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ESA confirms Rosetta's new target but identifies financial challenge for the mission

ESA confirms Rosetta's new target but identifies financial challenge for the mission

2 June 2003

Following an intensive campaign of technical and scientific investigations, the ESA Science Programme Committee has confirmed that its comet-chasing mission Rosetta will now set its sights on Comet Churyumov-Gerasimenko. However, the putative February 2004 launch date cannot be fixed until the ESA Council has found a solution to the lack of cash in its Science Programme immediate budget.

At its meeting on 13-14 May 2003, ESA's Science Programme Committee took the decision on which profile should become Rosetta's new baseline mission. Rosetta is now proposed to launch in February 2004 from Kourou, French Guiana, using an Ariane-5 G+ launcher, towards Comet Churyumov-Gerasimenko.

Since January, three options have been thoroughly analysed: the first to fly to the original target, Comet Wirtanen, using a Russian Proton rocket, the second and third to fly to Comet Churyumov-Gerasimenko but launching a year apart, using either an Ariane-5 hybrid or a Proton launcher.

As reported earlier, the choice of a new comet has required intensive efforts, including observations by telescopes such as the Hubble Space Telescope and the ESO Very Large Telescope to ensure we know as much as we can about the new target. Ultimately, Wirtanen had to be rejected because of several reasons, the most important of which was the danger in moving the fully fuelled spacecraft from Kourou to Baikonur (offloading the fuel would pose an even greater risk by causing structural problems in the fuel tanks).

Therefore, the February 2004 launch to Churyumov-Gerasimenko has been chosen. The February 2005 launch to the same comet will now be investigated as a back-up plan. Rendezvous with the comet is expected in November 2014. At present, scientific teams are investigating orbits that could allow an earlier rendezvous and also perform a number of asteroid fly-bys en route.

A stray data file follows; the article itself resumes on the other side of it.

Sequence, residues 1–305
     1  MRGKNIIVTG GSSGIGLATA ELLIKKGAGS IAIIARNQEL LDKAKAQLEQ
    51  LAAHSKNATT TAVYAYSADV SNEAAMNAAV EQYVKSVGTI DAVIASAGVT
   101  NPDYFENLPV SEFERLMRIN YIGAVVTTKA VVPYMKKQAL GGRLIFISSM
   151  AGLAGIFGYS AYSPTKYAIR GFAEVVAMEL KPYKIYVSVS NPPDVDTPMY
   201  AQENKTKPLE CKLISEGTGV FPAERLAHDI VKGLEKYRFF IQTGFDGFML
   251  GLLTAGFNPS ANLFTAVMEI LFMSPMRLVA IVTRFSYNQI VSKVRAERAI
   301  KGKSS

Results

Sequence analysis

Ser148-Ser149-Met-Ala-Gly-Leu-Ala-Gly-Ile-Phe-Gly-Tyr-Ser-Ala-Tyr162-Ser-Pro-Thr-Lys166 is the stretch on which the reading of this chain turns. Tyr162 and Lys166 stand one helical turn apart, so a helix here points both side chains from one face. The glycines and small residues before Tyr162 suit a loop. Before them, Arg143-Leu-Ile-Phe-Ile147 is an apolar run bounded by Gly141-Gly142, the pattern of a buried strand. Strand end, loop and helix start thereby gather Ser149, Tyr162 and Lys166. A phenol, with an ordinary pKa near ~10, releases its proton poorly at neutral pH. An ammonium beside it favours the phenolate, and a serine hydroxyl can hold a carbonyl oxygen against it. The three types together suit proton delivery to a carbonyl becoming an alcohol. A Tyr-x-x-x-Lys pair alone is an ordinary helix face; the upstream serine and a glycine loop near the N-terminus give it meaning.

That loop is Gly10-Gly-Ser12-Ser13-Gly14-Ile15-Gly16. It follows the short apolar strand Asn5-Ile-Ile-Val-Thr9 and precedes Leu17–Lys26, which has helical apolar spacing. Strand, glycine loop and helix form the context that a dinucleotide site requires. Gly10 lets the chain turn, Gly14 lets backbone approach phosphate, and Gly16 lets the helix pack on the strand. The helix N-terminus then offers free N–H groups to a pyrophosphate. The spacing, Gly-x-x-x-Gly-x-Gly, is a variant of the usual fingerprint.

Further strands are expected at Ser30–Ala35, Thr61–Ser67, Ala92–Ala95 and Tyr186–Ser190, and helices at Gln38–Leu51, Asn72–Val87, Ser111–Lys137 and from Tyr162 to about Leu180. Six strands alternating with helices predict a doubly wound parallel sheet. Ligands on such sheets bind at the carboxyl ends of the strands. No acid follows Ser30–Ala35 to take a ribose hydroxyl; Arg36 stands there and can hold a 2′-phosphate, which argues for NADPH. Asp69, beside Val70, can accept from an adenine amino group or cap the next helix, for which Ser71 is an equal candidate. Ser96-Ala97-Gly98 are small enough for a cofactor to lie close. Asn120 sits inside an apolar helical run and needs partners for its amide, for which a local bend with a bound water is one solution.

Despite the progress and the optimism that it brought, the kick-off of the new mission now depends on the fast solution to a new emergency: cash. The cost of the overall delays imposed by the grounding of Ariane is estimated to be 80 million Euros. During January 2003, when the decision to delay Rosetta was taken, ESA Director of Science Prof. David Southwood was confident that this could be absorbed by the science budget. However, since then a number of other unexpected economic obligations have arisen. "If the extra funding required for Rosetta was the only tab on the table, the ESA Science Directorate could have absorbed the cost," says Prof. Southwood, "Unfortunately, we have to face a number of other financial challenges."

These include the need to inject 70 million Euros into the development of instruments for two missions, Herschel and Planck, to prevent their industrial development from being derailed. Also, while the programme worked to get cheaper bids from industry, the depressed satellite market at this time has required up-front payments. In this year, it turns out that costs of 50 million Euros have appeared earlier than planned. Recalling that ESA overall should bolster a European space industry, particularly in tough times, Southwood said, "One does not regret the policy so much as the timing. The demand has come at the worst possible time."

Ever since the Edinburgh ESA Ministerial Council meeting during 2001, the ESA Science Directorate has operated its ambitious programme on the tightest of budgets that allow little room for unexpected emergencies. The rules of ESA preclude Southwood from borrowing money and he is adamant that cancelling another mission to save Rosetta is not an option. "In any event, cancelling a different mission won't give me the money this year," he says.

As a result, the money to save Rosetta is to be found through some immediate financial flexibility at Agency level. "I am not asking for more money overall, but for help in cash flow. We in ESA are sure that we will find the necessary sensitivity, understanding and, ultimately, solidarity from the Council. Europe paved the way to comet science with Giotto and it is a matter of great pride that the ultimate comet explorer will be European." Options for resolving the financial issue will be proposed to the ESA Council in June this year.

For more information, please contact:

ESA Communication Department
Media Relations Office
Paris, France
Tel: +33 (0)1 5369 7155
Fax: +33 (0)1 5369 7690

Last Update: 1 September 2019
14-Jul-2024 19:47 UT

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